Since the onset of my Type II diabetes about ten years ago, I have been more of a part-time vegetarian. But there is something about my brother’s cooking that cannot be denied. The last time I overindulged in meat was in Buenos Aires, when I went to a parrilada, ate a huge steak, and got picturesquely ill from several of orifices, missing my bus the next afternoon to Puerto Iguazu. This time, I merely sampled the cuts on display and suffered no untoward effects.

Roasted Artichokes

It was a delicious meal. I consider myself a passable cook, but not fit the touch the hem of Dan’s garment when it comes to a comparison. If I am overweight, it is fo a good reason. My great-grandmother Lidia Toth was an excellent cook. My mother was also good, but most notable for her soups and baked goods. (I am wearing those baked goods to this day.) I take after my mother in making good soups—the one area I might be able to give Dan a run for his money.

People have always told Dan he should open a restaurant. He is much too canny for that form of slavery. He has at times prepared dishes for restaurants and made friends of restaurateurs, but he was never tempted to go into that profession. Why should he? He is a superb home builder and has just finished building a log home in Idyllwild that he completed the sale of just this last week. Too bad: I would give much to live in a house that he built.

 

The Newest Member of the Family

My Niece’s Little Son, Ollie

Meet Oliver Moorman, the youngest member of the family. For now, anyway, since his mother Hilary (my brother’s daughter) has another one on the way. Ollie is two years old, likes ice cream, swimming, playing outdoors (not always possible in Seattle, where he lives), and is a highly concentrated bundle of energy.

I enjoyed our little family reunion. The culminating moment was Sunday night, when my brother Dan prepared one of his famous Meatapaloozas: a selection of beautifully prepared meats with roasted vegetables. Although I fancy myself a good, cook, I cannot hold a candle to my brother when it comes to food preparation.

It was great to see Hilary and Joe again, and her half-sister Jennifer. Young Danny was unable to make it from Colorado, having just embarked on a new job. And it was great to see my brother Dan and sister-in-law Lori.

Hilary, Ollie, and Joe at the Hot Tub

With luck, I might see my brother next month in L.A. I promised to introduce him to Korean Barbecue, which is one of the culinary jewels of Los Angeles—along with Mexican, Armenian, and Iranian.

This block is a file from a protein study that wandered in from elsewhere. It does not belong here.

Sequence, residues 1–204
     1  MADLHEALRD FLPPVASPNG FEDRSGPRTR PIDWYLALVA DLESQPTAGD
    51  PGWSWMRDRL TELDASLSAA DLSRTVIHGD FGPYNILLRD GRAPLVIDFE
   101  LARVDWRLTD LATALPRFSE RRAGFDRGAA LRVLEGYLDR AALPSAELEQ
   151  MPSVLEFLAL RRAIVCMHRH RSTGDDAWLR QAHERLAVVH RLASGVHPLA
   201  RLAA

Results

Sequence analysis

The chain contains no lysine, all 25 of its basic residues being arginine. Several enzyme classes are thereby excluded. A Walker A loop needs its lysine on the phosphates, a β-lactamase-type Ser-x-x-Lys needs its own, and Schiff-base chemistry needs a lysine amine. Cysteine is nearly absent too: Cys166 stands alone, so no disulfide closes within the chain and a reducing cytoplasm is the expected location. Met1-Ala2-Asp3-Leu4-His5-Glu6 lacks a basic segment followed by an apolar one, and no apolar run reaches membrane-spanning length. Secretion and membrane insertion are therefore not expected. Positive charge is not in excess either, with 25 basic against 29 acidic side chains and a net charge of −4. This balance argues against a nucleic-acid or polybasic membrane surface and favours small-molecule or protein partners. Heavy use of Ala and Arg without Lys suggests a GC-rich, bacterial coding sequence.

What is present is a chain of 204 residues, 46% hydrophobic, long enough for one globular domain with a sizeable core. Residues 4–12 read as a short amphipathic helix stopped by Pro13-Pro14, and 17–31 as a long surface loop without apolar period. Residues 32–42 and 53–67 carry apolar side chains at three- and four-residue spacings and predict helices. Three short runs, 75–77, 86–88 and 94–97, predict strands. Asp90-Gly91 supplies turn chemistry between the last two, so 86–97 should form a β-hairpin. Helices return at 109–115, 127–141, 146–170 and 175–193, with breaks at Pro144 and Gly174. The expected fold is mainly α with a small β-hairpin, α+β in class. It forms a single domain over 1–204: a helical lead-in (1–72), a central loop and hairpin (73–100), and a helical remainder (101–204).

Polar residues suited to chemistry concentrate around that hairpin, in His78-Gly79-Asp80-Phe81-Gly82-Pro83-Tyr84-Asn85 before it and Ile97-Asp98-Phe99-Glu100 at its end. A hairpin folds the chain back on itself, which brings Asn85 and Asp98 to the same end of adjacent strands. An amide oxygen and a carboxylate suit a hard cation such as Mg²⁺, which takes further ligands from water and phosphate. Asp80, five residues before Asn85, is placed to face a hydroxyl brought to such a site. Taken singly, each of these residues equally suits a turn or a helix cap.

It was a delightful weekend. In addition, I got to visit some interesting museums, about which I willo write in the coming days.

 

Christmas in Palenque

The Town of Palenque, Chiapas, Near the Ruins

The year was 1979. My brother Dan and I were traveling in Southern Mexico, roughly following the route Graham Greene had taken in his book The Lawless Roads (1939), when he was doing research for his novel The Power and the Glory (1940).  It was Christmas, and we were in the little town of Palenque, just a few miles from the Mayan ruins of the same name.

Dan liked hanging out in the cafés along the zócalo, because that part of Chiapas was a major coffee-growing area, and Dan is a coffee aficionado the way I am a tea aficionado. You have to understand that Dan was wearing slip-on loafers. While we were munching away, we were approached at our table by a shoeshine boy. Dan slipped his shoe off and handed his foot to the boy, which foot was clad in bright red wool socks. The whole restaurant erupted in laughter, including the shoeshine boy.

Mexico has some wonderful Christmas customs, especially the posadas. Between December 16 and 24, children travel around singing carols. We always donated to them.

Christmas Posadas Singers

 

 

Redwood Camp Lodge

The Log Home My Brother Is Building in Idyllwild, CA

I may have mentioned once or twice that my brother is a home builder. He started building log homes in Minnesota, then moved on to the North Shore of Lake Tahoe, subsequently diversifying his efforts in Paso Robles. Now he lives in Palm Desert (near Palm Springs) and is working on a log home in the San Jacinto Mountains at Idyllwild. What distinguishes his log homes is that they do not employ any kind of mortar, or “chinking” as it is also called, between the logs. Instead, the logs are scribed by chainsaw to fit exactly one on top of another, as shown in the following photograph:

Logs Put Together Without Mortar

To see the realtor’s link to the project, click here. To learn more about Idyllwild, click the city’s tourist website. Dan originally planned to build the house for himself, but found it was more convenient to headquarter himself in Palm Desert.

Below is a picture of my brother Dan which I took in Ecuador. Here, he is examining religious sculptures from the former Cathedral of Cuenca:

My Brother Is the One Leaning to the Left

You could do far worse than live in one of Dan’s superbly built log homes.